It makes me enormously sad to see an empty store or one with the staff in the doorway waiting for customers to enter. The excitement with which an entrepreneur opens a commercial premise is cut short due to a lack of knowledge of how to manage demand, not only of how to generate the same.
How many times have you entered a store, a bar, a restaurant, or a museum and haven’t been able to stay, shop, or receive good service due to the number of customers present? I suppose that this has happened on quite a number of occasions. And what should the owner or manager have done when faced with this situation, which is so unsatisfactory for the customers? Well, they should have managed the demand through the price. Thus, they would have evened out the congestion and would have been able to attend their customers properly while avoiding a loss of revenue due to insufficient capacity. It seems logical, doesn’t it?
To begin with, demand management requires good segmentation. With this, you’ll be able to determine the different audiences and their potential responses to the prices. There are many examples of this. Students go to the cinema on the discount day, which won’t be a Thursday night, but which will be a day when the cinemas will not normally be full, compensating for this with a lower price. The set menus in restaurants are available at midday, disappearing at night to make it clear that the dinners at midday are simply not the same or don’t share the same circumstances as those at night. Famous chefs have restaurants that bring together different audiences in the same room – at different prices, of course. Everyone eats in the chef’s “style”, but with different types of food at aligned prices, thus filling the room. At a football game, all of the fans watch the same game, but each of their seats has a different price, which is generally related to the comfort, access, distance from the pitch, solar orientation, and so on.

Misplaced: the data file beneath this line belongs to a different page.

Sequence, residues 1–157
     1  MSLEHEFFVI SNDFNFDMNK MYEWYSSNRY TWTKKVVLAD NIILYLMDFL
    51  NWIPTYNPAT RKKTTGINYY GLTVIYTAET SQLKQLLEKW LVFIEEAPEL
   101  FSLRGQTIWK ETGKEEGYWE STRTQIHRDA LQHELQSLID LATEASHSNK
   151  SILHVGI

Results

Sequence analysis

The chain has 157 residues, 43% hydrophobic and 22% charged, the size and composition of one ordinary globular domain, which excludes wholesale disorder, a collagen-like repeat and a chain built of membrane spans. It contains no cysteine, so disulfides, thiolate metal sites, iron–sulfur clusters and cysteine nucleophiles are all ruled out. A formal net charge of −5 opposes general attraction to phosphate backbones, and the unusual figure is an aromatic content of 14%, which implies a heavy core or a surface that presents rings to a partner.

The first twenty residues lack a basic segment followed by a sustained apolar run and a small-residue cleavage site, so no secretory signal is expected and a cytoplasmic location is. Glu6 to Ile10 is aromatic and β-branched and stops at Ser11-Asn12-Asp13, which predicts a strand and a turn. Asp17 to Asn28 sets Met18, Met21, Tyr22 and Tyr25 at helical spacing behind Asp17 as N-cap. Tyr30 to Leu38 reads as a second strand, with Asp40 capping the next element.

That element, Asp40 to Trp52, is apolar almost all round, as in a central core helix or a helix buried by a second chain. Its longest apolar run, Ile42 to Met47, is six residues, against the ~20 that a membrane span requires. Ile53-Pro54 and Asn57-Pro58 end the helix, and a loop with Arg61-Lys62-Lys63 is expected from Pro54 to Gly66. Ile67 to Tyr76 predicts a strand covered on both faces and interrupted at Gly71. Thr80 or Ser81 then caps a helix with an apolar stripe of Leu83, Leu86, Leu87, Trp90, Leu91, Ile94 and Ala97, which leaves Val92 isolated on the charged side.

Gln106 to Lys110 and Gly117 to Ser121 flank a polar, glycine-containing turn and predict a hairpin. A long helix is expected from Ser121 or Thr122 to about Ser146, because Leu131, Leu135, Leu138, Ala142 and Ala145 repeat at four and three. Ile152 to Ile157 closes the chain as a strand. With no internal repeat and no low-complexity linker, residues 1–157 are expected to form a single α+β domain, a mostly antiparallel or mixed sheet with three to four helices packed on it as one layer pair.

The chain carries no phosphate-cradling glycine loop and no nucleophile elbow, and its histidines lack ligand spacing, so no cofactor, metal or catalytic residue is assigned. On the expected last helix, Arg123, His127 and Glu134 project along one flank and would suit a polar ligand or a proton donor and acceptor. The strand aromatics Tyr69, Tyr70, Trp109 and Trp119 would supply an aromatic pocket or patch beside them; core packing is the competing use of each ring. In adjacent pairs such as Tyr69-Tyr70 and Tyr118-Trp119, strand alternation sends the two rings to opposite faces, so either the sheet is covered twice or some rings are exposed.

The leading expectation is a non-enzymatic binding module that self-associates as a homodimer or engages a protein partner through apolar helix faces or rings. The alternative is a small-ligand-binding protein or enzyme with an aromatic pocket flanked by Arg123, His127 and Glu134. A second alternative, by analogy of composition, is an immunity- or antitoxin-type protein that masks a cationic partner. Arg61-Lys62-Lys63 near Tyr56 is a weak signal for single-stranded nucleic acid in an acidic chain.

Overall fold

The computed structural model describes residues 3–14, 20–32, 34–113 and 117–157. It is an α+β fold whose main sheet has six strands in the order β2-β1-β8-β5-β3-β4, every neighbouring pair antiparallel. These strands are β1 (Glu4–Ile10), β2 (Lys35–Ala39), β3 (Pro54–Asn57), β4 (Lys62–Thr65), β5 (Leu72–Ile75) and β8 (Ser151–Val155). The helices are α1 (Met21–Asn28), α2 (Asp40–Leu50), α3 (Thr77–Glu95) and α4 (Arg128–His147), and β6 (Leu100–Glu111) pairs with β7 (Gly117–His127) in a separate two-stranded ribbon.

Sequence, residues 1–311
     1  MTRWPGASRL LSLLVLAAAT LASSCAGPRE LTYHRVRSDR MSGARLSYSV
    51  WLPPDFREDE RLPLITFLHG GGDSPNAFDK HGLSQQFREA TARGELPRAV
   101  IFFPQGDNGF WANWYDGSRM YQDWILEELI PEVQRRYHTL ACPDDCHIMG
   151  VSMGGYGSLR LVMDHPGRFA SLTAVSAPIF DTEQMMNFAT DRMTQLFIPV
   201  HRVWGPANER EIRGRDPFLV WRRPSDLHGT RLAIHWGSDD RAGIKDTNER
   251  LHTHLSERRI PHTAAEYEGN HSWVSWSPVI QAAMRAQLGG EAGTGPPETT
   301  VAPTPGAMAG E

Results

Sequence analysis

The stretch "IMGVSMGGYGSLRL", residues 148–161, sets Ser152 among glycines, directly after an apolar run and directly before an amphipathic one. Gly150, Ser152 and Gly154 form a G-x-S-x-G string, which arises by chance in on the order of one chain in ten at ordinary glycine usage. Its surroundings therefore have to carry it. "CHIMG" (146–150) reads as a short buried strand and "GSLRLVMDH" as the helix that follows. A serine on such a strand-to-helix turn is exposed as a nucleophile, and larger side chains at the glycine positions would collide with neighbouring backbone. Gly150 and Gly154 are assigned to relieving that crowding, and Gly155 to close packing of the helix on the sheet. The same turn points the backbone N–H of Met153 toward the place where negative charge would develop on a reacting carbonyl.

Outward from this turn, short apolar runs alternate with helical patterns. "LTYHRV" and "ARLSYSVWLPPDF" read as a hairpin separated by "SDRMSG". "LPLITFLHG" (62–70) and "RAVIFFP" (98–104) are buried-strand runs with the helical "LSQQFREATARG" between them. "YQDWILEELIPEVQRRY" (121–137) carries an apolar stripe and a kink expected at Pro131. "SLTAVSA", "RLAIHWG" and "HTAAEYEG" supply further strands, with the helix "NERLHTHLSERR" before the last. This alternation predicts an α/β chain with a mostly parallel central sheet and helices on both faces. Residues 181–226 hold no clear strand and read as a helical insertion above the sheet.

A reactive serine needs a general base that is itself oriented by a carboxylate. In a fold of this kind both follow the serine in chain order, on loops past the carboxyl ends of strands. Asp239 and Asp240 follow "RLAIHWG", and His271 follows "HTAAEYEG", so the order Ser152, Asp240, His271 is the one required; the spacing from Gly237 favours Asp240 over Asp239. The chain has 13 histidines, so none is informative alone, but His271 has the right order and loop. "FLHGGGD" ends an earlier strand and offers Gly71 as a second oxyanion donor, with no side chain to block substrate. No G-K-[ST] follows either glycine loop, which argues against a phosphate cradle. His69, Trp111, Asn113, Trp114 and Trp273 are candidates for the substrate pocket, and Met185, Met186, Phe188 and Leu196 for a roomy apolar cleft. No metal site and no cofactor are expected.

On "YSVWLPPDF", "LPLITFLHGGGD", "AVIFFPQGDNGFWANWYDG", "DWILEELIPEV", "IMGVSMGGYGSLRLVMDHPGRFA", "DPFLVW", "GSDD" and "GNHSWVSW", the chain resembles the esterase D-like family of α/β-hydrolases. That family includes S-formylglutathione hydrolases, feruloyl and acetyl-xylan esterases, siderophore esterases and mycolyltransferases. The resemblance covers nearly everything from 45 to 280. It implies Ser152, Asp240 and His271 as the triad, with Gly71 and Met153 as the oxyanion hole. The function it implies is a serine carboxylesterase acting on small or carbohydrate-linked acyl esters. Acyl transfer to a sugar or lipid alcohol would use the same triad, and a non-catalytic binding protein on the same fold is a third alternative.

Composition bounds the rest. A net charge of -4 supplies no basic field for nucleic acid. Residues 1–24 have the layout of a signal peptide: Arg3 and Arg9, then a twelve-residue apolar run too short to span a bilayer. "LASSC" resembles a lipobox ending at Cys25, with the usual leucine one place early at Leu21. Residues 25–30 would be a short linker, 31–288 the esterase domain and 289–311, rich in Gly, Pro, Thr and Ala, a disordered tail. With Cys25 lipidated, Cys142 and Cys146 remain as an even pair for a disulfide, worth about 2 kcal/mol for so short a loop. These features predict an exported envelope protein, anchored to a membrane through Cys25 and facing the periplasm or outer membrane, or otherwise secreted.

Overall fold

There can be no doubt that demand management is a necessity, in the first place, to make satisfying the buyer possible. Capacity is always finite. Here’s a case to illustrate this: an eCommerce site generates such a large number of visits when it launches an offer on its star products that the user experience quickly turns against the interests of both parties – due to the slow website speed caused by the number of visitors – leading to generalised shopping cart abandonment to end the purchase process.
We’ve talked about stores, but what about the capacity of a factory, which offers an even more glaring example due to the difficulty of expanding. Evening out demand is an urgent need for these factories and the price is a key element to achieving that. When you know the productive capacity for each product and how it interacts with the factory’s resources, you’ll be better able to manage the demand to achieve an optimisation of resources that, in this case, will maximise your profits without causing the customers to wait excessively.